The creators of Ice-Bound, Aaron Reed and Jacob Garbe, call it a novel of reconfiguration. It’s closest corollary is either Reed’s 18 Cadence or very unique works of fiction like House of Leaves.
It’s easy to say what Ice-Bound is not. It is not traditional IF.
It becomes more difficult to parse what the game is, as it defies explanation by simply creating it’s own sub-genre. Ice-Bound is an indie game, a work of electronic art where collaboration between the real world and the fictional is paramount. As the developers say in their Kickstarter video — it’s the games primary mechanic.
In keeping with the stated inspiration of novels like House of Leaves, Ice-Bound is a fragmented story. The stories nest inside of one another — the tale of an abandoned polar base, a dying authors notes, a confused AI that you must lead towards the truth. The story alone could be enough to sell you on this Kickstarter. But that isn’t all that the developers are offering.
One of the primary components of the game is a physical book — the author’s notes from an incomplete masterpiece. The game operates by having you show portions of the book to the camera on your Windows device or iPad, which gives the AI (the game) the ability to figure out more of the story. It’s a fascinating interplay of concepts that looks like it combines elements of Aaron Reed’s interactive non-linear experience 18 Cadence and Jacob Garbe’s Closed Room, Soft Whispers. The game is on the bleeding edge of emergent fiction and augmented reality experiences, and promises to be the next great experimental hit in the interactive fiction community.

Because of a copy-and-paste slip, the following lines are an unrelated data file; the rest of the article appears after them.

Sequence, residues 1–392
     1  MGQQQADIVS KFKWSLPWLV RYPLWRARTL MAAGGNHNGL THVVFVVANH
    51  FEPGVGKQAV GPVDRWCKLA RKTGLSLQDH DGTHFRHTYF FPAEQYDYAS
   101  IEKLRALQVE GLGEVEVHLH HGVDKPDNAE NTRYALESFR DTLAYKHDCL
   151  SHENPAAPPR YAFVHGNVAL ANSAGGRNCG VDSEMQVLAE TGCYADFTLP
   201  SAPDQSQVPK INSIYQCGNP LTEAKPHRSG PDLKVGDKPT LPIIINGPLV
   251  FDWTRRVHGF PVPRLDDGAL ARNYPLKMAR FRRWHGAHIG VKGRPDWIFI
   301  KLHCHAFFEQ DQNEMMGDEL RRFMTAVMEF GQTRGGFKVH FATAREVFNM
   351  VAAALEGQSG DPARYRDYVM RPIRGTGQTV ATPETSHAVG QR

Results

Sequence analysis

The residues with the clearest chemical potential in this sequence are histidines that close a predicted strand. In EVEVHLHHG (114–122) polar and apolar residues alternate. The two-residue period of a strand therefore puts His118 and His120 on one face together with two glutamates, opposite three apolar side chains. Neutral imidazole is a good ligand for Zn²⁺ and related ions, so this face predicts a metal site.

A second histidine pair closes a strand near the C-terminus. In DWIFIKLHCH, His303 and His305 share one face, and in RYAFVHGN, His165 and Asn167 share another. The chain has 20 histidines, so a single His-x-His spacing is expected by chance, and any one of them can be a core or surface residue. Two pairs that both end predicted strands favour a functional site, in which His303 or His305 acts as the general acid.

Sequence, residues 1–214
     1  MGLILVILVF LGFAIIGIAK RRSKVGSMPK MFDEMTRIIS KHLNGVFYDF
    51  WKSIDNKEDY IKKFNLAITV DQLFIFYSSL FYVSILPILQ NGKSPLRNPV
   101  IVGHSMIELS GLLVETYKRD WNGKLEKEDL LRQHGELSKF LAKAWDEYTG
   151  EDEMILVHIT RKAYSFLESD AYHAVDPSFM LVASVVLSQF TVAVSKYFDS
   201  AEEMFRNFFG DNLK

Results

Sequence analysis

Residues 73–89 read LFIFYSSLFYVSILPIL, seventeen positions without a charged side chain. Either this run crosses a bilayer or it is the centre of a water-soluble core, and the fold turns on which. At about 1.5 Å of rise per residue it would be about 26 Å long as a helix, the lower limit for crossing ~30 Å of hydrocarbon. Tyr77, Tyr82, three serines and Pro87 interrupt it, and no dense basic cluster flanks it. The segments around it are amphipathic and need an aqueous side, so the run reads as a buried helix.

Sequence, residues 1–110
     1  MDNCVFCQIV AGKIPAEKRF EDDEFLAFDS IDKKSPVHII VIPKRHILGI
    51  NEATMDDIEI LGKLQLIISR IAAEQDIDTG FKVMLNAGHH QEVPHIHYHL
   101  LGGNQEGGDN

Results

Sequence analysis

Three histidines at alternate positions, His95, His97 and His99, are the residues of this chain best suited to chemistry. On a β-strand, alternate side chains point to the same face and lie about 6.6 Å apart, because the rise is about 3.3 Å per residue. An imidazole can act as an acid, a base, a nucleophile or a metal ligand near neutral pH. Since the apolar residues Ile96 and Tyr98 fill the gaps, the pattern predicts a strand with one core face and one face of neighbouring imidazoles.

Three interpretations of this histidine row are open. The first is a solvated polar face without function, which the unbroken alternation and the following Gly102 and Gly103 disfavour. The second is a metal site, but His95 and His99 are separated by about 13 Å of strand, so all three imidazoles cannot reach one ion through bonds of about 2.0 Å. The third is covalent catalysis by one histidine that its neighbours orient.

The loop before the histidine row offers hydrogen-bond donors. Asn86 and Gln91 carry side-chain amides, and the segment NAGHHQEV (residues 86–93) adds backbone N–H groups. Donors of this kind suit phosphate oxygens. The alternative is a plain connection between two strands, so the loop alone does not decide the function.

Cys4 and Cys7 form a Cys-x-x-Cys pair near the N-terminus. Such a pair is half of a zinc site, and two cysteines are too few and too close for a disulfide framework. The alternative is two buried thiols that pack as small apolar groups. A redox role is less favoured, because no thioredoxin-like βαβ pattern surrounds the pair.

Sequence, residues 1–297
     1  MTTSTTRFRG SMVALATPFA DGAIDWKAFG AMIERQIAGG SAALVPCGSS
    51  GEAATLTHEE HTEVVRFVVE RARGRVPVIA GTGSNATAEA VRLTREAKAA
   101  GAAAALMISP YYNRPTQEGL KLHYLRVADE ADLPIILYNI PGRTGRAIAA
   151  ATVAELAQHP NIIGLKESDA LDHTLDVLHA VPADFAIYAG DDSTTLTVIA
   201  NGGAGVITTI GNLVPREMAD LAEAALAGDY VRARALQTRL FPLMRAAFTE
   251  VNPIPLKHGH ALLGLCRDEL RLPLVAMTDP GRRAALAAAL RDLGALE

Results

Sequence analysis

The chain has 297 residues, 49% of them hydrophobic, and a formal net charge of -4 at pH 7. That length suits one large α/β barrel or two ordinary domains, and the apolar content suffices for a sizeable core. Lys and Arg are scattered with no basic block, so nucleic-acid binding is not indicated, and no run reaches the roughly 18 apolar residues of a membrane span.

The game is already funded, but there is still time to back the project before it concludes on November 5. $20 will get you a copy of the Ice-Bound Compendium (the physical component) as well as access to the game. You can find out more at the Kickstarter page.